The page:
July 22, 2016
Featured Story: The State of Student Debt
On Tuesday, the White House released a report on the student debt crisis entitled, “Investing in Higher Education: Benefits, Challenges, and the State of Student Debt.” The report covers many aspects related to higher education and student debt, but most reactions have been related to its impact on the economy and how repayment differs between those who graduated and those who did not.
“The people having the hardest time repaying their student loans are not graduates with six-figure debt, rather they are borrowers who took out a fraction of that amount, attended for-profit or community colleges, and never earned a degree,” writes Danielle Douglas-Gabriel for the Washington Post. Douglas explains that according to the report, nearly 60 percent of borrowers owe less than $20,000 in undergraduate debt, which conflicts with the common narrative of a majority of college graduates with massive amounts of student debt. However, this figure does include those who attended but did not finish college, which raises a different question: How is this group doing when it comes to repaying their debt? The answer is not good.
The Atlantic’s Derek Thompson explains. “[D]eclining state support for public college fed the rise of for-profit schools, many of which served as factories for dropouts with relatively small amounts of outstanding student debt. These are the people most at risk of default—not the college graduates with $100,000 loan burdens, but rather low-income students who took on a few thousand dollars in debt and didn’t even get a degree.” According to the report, those with under $5,000 in student debt are eight times more likely to default on loans compared to someone with $40,000+ in student loans, and out of all of the defaults on student loans, two-thirds are on loans under $10,000. While the Obama Administration has taken steps to decrease the number of defaults by providing more income-based repayment plans, those in low-wage jobs still struggle.
Gillian White, also with The Atlantic, explores the role employers sometimes pay in student loans—and how those who need the assistance most often do not get it. Employer assistance, “tend[s] to come in one of three forms,” White writes, “tuition assistance..., student-loan payment assistance..., and consolidation and refinancing opportunities.” SoFi, a lender that helps borrowers refinance their student loans, markets itself to companies like IBM and Kronos who will (and do) include information on SoFi refinancing to its employees. This is great, but as White points out, these workers would likely be able to pay off their debt without any assistance. It’s the borrowers that Thompson profiled, who graduated with minimal debt and no degree—and who are typically not working for businesses that offer student debt assistance—that are more likely to default.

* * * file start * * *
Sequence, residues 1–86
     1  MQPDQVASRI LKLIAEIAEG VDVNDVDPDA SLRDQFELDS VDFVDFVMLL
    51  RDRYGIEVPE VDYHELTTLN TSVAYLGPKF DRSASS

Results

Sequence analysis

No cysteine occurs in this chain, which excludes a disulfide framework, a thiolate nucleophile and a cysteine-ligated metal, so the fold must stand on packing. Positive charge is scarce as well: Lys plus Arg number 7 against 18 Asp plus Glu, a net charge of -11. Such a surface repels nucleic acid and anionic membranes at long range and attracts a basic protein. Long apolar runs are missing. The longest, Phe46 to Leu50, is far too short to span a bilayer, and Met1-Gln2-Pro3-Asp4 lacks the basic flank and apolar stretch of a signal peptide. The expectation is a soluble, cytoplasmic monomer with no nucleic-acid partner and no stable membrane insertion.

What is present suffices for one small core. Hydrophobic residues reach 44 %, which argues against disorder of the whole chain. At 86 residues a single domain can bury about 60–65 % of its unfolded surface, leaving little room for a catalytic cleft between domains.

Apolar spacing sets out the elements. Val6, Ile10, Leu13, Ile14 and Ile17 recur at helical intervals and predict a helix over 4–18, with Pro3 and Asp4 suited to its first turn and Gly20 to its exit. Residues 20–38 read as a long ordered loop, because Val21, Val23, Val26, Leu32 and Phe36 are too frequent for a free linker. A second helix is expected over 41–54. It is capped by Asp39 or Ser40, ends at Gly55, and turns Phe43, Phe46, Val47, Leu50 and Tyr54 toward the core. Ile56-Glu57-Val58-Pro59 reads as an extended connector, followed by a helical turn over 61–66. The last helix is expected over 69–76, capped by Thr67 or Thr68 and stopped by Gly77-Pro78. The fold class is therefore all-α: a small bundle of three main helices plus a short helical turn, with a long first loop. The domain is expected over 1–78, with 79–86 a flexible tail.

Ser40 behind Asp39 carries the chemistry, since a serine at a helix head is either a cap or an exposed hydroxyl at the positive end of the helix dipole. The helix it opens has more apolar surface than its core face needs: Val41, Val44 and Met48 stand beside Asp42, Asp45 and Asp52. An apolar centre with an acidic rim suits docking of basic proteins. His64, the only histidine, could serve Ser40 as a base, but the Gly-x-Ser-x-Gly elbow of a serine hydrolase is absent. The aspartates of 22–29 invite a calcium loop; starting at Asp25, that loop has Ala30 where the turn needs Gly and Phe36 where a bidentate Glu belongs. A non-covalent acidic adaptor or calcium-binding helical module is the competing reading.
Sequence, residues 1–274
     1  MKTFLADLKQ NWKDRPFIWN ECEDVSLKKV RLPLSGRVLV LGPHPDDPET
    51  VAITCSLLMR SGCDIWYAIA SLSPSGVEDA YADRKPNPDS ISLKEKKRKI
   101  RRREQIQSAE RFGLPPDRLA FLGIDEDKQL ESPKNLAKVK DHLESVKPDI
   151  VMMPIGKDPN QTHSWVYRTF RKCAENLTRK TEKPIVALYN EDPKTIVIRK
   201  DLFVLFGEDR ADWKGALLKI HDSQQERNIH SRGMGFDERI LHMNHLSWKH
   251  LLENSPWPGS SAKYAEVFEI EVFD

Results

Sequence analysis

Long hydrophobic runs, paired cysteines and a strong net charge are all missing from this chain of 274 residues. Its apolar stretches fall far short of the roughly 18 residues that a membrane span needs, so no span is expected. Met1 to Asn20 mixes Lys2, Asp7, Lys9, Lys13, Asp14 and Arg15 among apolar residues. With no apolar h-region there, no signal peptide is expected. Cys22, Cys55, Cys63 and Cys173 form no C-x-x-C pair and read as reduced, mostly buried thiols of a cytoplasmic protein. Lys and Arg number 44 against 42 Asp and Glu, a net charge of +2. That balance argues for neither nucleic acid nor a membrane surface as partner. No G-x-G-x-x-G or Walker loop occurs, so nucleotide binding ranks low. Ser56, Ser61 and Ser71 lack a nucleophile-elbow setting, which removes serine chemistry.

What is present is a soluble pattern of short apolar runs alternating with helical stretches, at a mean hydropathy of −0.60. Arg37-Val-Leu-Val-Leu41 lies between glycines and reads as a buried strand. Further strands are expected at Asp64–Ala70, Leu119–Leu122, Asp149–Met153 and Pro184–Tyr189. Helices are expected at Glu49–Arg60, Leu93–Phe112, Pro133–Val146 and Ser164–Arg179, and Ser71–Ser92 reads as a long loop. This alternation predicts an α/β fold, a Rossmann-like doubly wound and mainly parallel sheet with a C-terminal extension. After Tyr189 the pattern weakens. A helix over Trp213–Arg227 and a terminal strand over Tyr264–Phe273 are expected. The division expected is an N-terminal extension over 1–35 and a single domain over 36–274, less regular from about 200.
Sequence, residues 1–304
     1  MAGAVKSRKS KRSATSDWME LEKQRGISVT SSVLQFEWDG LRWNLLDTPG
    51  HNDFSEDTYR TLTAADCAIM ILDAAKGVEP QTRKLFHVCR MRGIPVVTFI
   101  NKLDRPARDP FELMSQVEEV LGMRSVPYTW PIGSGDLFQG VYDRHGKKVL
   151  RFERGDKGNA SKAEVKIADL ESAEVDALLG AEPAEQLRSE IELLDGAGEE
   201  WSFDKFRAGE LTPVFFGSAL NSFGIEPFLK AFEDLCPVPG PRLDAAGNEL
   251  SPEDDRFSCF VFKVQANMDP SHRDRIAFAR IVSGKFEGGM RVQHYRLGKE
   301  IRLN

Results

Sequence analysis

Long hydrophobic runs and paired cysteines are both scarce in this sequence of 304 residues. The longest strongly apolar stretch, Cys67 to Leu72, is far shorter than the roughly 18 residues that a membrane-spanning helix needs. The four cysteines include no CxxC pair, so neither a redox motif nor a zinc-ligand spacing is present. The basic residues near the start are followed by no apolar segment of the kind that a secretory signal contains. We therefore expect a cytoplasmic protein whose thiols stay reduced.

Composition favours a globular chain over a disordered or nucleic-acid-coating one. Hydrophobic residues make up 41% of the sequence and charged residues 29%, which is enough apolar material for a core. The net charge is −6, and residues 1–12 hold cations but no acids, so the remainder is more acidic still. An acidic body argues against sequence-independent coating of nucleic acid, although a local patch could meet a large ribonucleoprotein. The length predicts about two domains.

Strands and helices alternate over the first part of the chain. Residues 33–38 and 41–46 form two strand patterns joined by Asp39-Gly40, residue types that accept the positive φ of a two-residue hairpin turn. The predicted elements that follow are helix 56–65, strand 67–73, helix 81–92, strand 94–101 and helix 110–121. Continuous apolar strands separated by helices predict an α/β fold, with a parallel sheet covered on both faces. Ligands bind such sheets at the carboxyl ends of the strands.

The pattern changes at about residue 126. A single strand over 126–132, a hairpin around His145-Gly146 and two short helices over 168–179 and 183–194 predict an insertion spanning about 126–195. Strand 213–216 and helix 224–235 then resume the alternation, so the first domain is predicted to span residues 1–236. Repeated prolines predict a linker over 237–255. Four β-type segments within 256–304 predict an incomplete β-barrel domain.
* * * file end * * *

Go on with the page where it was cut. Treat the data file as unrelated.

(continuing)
New America’s Higher Education Initiative has done a lot of work surrounding the nature of student debt and those who default.
News Highlights: Universal Basic Income and Food Stamps
Dylan Matthews, a regular commentator on universal basic income (UBI), remarks in a Vox piece that it was “somewhat jarring” when Robert Greenstein, president of the Center on Budget and Policy Priorities, came out against UBI. Matthews interviewed Greenstein to uncover why an advocate for increased assistance programs for the poor like Greenstein would argue “that using basic income to replace the safety net would actually increase poverty.” Greenstein says that universal programs are not necessarily stronger than means-tested programs, since means-tested programs have recently made gains, likely due to their lower cost and thus greater political viability. Greenstein tells Matthews that he is skeptical of UBI because of US political culture; he worries about “getting cash to people who aren't working and have no work record,” a population with little political support, as he thinks that they would likely be excluded from a UBI. He instead points to policy proposals like a universal child tax credit, which would be an expansion of a program the US already has. “Progress in the US basically does occur incrementally,” says Greenstein.